An introduction to Linux network namespaces. Twitter: 🤍davidmahler LinkedIn: 🤍 This video is lab style in that you can follow along on your own system or just watch. I walk through 2 examples mimicking how Mininet emulates hosts and how OpenStack provides DHCP services (they both use network namespaces) links: My Intro to OVS video - 🤍 My Intro to Mininet video - 🤍 references 🤍 🤍 🤍 Bob Lantz, Brian O'Connor Mininet presentation - 🤍 🤍 (networking documentation) 🤍 (linux networking entries) Commands used: Checking out L2/L3: ip link ip address ip route add an ip address to an interface: ip address add (ip/mask length) dev (intf name) turn an interface up ip link set dev (intf name) up = Add network namespace: ip netns add (name) Delete network namespace: ip netns del (name) Execute a command in a specific namespace: ip netns exec (name) (command to execute) Move a port to a namespace: ip link set (intf name) netns (net namespace name) What net namespace is a process ID running in? ip netns identify (pid) OVS add a vSwitch: ovs-vsctl add-br (name) add an interface to OVS instance: ovs-vsctl add-port (OVS name) (intf name) Create a veth pair: ip link add (end1 name) type veth peer name (end2 name) Place a port in a vlan: ovs-vsctl set port (intf name) tag=(vlan number) Make a port type internal: ovs-vsctl set port (intf name) type=internal

Lesson 4: Whats under the hood - Namespaces, Cgroups and OverlayFS

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20.06.2017

Learn what makes containers possible and whats under the hood. This video talks about the technologies such as namespaces, cgroups, overlayfs that docker uses. Learn devops for FREE with our 24 days Ultimate Devops Bootcamp 🤍 Check out our free courses at 🤍 Our backpacks give you a targeted learning paths with bundled, structured content. Check it out at 🤍

[RUS] Christian Brauner: "Making the Kernel and Udev Namespace Aware" / #LinuxPiter

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05.03.2019

Making the Kernel and Udev Namespace Aware On non-embedded systems device management in Linux is a task split between kernelspace and userspace. Since the implementation of the devtmpfs pseudo filesystem the kernel is solely responsible for creating device nodes while udev in userspace is mainly responsible for consistent device naming and permissions. The devtmpfs filesystem however is not namespace aware. As such devices always belong to the initial user namespace. In times of SR-IOV enabled devices it is possible and needed to hand off devices to non-initial user namespaces. The last couple of months I’ve been working on making device management in the Kernel namespace aware. With recent patchsets of mine we have now reached that goal. As such userspace can now tie devices to a specific user namespace. This talk aims to do a couple of things. First, to give a more in-depth explanation of device management in Linux. Second, to explain the concept of namespace aware device management. Third, to explain the patchsets that were needed to make device management namespace aware. Christian Brauner Germany. Tuebingen Software Engineer Canonical Ltd. Christian Brauner is a kernel and core developer and maintainer of the LXD and LXC projects. He works mostly upstream on the Linux Kernel and lower-level problems. He is strongly committed to working in the open, and a strong proponent of Free Software. Christian has been active in the open source community for a long time and is a frequent speaker at various large events. Linux Piter 2018 🤍 Follow us Vk: 🤍 Facebook: 🤍 Twitter: 🤍 Instagram: 🤍 YouTube: 🤍 #LinuxPiter Organizers: IT-Events: 🤍 IT-Dominanta: 🤍 SILVER SPONSOR DELL EMC: 🤍 SILVER SPONSOR SEMRUSH 🤍 SILVER SPONSOR DINS 🤍 SILVER SPONSOR VEEAM 🤍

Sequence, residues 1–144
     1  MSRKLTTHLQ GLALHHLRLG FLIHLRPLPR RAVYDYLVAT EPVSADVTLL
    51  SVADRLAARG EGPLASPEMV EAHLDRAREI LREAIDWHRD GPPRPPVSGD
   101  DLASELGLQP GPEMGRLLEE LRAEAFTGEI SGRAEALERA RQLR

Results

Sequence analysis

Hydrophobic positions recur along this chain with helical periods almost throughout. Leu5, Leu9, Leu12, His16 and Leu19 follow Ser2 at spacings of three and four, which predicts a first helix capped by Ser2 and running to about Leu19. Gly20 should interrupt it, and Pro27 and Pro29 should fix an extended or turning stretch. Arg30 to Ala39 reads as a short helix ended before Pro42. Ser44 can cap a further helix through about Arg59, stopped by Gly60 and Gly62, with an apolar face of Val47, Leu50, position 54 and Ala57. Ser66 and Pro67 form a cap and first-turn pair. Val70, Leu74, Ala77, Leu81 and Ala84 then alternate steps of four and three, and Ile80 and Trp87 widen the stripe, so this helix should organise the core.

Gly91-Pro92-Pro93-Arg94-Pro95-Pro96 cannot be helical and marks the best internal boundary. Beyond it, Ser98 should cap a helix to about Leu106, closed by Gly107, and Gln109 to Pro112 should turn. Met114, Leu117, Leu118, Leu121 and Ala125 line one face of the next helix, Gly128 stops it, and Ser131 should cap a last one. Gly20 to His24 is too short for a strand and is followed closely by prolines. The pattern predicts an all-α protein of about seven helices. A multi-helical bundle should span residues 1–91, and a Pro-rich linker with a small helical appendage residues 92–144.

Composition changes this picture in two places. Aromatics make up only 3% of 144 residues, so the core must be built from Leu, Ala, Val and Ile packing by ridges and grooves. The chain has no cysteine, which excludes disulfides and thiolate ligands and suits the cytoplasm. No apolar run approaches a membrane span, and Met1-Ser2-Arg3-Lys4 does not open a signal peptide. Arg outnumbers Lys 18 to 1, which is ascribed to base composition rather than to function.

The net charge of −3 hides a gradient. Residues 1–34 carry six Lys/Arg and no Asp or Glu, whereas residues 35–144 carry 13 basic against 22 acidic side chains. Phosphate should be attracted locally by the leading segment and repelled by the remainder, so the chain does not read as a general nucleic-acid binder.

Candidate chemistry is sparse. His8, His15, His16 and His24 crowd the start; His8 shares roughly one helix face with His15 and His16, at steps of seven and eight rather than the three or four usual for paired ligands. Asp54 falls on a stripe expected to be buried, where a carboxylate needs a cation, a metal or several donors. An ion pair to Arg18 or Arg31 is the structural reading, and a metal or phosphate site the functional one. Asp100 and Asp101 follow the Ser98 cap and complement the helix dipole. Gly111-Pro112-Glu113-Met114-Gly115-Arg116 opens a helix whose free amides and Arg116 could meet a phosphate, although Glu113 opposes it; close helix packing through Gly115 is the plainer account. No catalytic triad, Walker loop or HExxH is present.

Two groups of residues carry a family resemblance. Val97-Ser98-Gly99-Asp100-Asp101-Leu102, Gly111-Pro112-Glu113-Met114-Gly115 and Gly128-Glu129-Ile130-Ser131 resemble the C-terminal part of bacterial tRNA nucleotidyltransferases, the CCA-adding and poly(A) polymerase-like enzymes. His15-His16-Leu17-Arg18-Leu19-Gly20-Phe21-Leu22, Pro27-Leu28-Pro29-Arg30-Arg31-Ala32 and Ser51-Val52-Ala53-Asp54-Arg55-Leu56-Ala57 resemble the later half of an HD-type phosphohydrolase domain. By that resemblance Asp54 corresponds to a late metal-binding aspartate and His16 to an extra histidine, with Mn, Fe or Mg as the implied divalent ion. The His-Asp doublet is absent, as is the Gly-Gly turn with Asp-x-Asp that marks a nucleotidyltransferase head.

Linux Namespaces - their part to play in linux containers.

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08.06.2020

Just a really quick into to linux namespaces, and a little info on how this works with relation to what we think of as containers. I cut out like 41 minutes of me talking about random tangentially related topics, thoughts and comments! Next time you all need help going to sleep, and don't mind nightmares... I will post the raw unedited version :D Have a fantastic week!

Namespace and Cgroups Overview

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Today I am going to look at two of the three building blocks for containers in preparing to answer two questions I got on Fedora 34. 1) Are flatpaks safe to use given the security concerns a blogger published and 2) Could you do a video explaining how containers work. Well to do both of those I need to build up a platform on which containers (Not just Docker) are built on LInux. Support me on Patreon: 🤍 Follow me: Twitter 🤍djware55 Facebook:🤍 Discord: 🤍 Gitlab: 🤍 Werq by Kevin MacLeod Link: 🤍 License: 🤍 Industrial Cinematic by Kevin MacLeod Link: 🤍 License: 🤍 Music Used in this video "NonStop" Kevin MacLeod (incompetech.com) Licensed under Creative Commons: By Attribution 3.0 License